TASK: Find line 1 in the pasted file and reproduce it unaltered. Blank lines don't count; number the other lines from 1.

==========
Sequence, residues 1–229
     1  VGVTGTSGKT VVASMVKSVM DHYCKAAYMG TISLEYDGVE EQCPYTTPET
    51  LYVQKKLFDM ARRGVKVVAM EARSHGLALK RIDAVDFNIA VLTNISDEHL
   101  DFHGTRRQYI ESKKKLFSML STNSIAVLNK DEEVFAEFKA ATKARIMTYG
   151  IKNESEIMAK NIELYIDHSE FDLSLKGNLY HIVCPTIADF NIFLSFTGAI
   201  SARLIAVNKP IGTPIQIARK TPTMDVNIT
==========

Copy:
Sequence, residues 1–229